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If thou doft nod, thou-break’It thy inltrument,

Luc. It is my duty, Sir.

Bru. I should not urge thy duty past thy might; I know, young bloods look for a time of reft.

Luc. I have flept, my lord, already.

Bru. It was well done, and thou thalt deep again; I will not hold thee long. If I do live, I will be good to thee.

[Musick, and a Song. This is a deepy tune

O murd'rous flumber ! Lay'st thou thy leaden mace upon my boy, That plays thee musick? gentle knaye, good night; I will not do thee so much wrong to wake thee. I'll take it from thee; and, good boy, good night. But let me see is not the leaf curn'd down, Where I left reading ? here it is, I think.

[He fits down to read.
Enter the Ghost of Cæsar.
How ill this taper burns! ha! who comes here?
I think, it is the weakness of mine eyes,
That shapes this monstrous apparition!
It comes upon me Art thou any thing?
Art thou some God, fome angel, or some devil,
That mak’st my blood cold, and my hair to stare?
Speak to me, what thou art.

Gboft. Thy evil spirit, Brutus.
Bru. Why com'lt thou ?
Ghost. To tell thee, thou shalt see me at Philippi.
Brú. Then, I shall see thee again.
Ghoft. Ay, at Philippi.

[Exit Ghoft.
Brú. Why, I will see thee at Philippi then.
Now I have taken heart, thou vanishest:
Ill Spirit, I would hold more talk with thee.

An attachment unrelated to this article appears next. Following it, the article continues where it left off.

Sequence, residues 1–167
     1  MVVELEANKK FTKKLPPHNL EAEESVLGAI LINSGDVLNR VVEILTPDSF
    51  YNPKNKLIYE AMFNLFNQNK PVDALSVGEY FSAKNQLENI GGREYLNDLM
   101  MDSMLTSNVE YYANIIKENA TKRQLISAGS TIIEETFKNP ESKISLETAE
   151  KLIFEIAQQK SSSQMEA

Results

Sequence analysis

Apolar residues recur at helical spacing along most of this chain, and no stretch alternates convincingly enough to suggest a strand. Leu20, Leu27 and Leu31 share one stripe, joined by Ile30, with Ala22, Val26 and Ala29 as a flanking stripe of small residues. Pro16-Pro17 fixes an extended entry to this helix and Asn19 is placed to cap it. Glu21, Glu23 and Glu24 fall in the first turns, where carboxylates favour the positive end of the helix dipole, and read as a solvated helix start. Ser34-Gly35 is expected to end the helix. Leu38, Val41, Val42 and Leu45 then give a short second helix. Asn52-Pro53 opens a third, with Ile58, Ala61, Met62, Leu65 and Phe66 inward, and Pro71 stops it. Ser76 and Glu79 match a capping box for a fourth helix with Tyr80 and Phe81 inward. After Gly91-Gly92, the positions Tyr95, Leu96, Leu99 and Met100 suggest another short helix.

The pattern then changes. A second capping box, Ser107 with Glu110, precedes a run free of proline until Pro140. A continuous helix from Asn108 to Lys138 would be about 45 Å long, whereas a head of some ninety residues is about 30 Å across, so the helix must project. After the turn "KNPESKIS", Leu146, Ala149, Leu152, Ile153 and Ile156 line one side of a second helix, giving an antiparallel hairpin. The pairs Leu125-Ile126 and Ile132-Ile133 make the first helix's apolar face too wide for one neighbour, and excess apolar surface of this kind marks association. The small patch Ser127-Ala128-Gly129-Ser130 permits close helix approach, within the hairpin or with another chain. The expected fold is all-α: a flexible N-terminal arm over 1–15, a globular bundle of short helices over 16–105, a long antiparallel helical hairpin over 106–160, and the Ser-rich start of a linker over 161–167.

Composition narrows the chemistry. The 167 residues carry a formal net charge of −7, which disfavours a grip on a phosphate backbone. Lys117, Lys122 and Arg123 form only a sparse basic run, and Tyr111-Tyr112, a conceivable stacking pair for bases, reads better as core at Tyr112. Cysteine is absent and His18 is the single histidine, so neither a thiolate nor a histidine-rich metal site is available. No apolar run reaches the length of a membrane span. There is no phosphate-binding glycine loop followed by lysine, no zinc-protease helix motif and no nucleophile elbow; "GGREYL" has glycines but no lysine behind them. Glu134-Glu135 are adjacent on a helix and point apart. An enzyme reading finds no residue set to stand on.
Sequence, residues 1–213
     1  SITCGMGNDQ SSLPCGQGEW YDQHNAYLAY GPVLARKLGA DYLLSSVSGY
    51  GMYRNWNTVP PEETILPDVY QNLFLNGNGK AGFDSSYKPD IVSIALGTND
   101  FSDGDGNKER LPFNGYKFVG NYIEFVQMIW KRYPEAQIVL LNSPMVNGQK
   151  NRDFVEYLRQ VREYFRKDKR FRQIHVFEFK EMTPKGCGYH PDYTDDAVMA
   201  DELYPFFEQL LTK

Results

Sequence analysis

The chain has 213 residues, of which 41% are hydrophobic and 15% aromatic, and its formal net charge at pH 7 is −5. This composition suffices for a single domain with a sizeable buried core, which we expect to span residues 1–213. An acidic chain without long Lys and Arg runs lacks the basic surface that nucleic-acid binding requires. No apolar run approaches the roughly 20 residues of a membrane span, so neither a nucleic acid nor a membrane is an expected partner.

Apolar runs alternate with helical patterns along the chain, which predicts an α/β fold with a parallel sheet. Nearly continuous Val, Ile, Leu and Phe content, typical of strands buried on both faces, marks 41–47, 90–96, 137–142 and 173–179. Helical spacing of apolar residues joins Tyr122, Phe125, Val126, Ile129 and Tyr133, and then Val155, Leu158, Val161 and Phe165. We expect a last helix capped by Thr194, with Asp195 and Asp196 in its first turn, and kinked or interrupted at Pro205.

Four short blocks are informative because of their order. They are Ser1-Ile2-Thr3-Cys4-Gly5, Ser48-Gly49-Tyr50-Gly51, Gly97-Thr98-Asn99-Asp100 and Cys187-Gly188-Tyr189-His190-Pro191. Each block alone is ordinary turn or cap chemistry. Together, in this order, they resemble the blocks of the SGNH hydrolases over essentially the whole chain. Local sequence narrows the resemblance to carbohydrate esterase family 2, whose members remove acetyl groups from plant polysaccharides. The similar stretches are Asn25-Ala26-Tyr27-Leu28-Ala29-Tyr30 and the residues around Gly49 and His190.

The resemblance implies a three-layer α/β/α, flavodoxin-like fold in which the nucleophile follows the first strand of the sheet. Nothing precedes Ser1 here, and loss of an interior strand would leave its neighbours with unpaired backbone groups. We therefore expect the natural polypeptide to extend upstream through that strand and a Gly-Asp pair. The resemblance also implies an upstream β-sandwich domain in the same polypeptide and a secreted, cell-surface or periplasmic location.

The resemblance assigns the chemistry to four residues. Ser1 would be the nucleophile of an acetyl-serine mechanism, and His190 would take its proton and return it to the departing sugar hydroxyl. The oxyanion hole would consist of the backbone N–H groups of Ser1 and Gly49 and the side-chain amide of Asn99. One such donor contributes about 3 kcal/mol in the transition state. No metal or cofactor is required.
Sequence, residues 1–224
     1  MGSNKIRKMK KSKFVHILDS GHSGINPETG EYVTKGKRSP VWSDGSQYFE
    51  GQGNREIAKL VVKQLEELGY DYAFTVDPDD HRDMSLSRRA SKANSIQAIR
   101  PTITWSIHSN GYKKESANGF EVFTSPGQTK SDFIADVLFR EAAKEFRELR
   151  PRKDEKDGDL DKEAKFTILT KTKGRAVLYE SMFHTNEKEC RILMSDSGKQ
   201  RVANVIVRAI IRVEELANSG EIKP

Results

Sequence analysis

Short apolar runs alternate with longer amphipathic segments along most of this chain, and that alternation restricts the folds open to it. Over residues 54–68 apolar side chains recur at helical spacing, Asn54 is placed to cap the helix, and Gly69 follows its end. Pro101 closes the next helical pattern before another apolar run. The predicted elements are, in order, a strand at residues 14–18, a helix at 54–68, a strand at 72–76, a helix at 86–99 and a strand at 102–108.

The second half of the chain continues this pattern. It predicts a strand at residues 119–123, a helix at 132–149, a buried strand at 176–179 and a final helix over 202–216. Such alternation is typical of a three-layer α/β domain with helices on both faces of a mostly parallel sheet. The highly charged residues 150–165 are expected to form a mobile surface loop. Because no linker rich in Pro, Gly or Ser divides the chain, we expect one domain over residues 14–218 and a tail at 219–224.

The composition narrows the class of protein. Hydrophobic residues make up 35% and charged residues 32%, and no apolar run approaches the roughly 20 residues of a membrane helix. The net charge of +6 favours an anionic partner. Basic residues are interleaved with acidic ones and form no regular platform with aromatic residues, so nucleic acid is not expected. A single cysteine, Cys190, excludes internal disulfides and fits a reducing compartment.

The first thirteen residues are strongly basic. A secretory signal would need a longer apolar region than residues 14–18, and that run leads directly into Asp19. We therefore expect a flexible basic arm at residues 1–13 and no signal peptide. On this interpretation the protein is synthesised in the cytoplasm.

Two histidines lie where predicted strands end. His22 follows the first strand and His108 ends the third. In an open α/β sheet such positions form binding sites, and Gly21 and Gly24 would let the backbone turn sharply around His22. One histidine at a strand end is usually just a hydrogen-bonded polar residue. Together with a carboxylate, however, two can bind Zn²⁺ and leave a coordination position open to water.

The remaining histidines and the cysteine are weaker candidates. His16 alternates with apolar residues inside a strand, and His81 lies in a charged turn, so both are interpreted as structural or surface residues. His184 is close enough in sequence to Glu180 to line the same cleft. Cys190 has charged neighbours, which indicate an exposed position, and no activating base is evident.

Boy! Lucius ! Varro! Claudius! Şirs! awake!

Luc. The strings, my lord, are false.

Bru. He thinks, he still is at his instrument. Lucius ! awake.

Luc. My lord!

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Bru. Didst thou dream-Lucius, that thou so cried'st

out ?

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Luc. My lord, I do not know that I did cry.
Bru. Yes, that thou didft ; 'didft thou see any

Luc. Nothing, my lord.
Bru. Sleep again, Lucius ; firräh, Claudius, fel-

Varro! awake. (30)

Dar. My lord!
Clau. My lord!
Bru. Why did you so cry out, Sirs, in your neep?
Both. Did we, my lord ?
Bru: Ay, faw you any thing?
Var. No, my lord, I saw nothing.
Clau. Nor I, my lord.

Bru. Go, and commend me to my brother Caffius;
Bid him set on his. Pow'rs betimes before,
And we will follow.
Both. It shall be done, my lord.


(30) Thou ! arvake .] The Accent is so unmafical and harsh, 'tis impossible, the Poet could begin his Verse thus. '? Brutus, certainly, was intended to speak to Both his other Men ; whó Both awake, and answer, at an instant.

Mr. Warburton.


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SCENE, the Fields of Philippi, with the

two Camps.

Enter O&avius, Antony, and their Army.



OW, Antony, our hopes are answered.
You said, the enemy would not come down,

But keep the hills and upper regions ;
It proves not so; their battels are at hand,
They mean to warn us at Philippi here,
Answering, before we do demand of them.

Ant. Tut, I am in their bosoms, and I know
Wherefore they do it; they could be content
To visit other places, and come down
With fearful bravery; thinking, by this face,
To fasten in our thoughts that they have courage.
But 'tis not fo.

Enter a Messenger.
Mes. Prepare you, Generals;
The enemy comes on in gallant thew;
Their bloody sign of battel is hung out,
And something to be done immediately.

Ant. Oétavius, lead your battel softly on,
Upon the left hand of the even field.

Osta. Upon the right hand I, keep thou the left.
Ant. Why do you cross me in this exigent?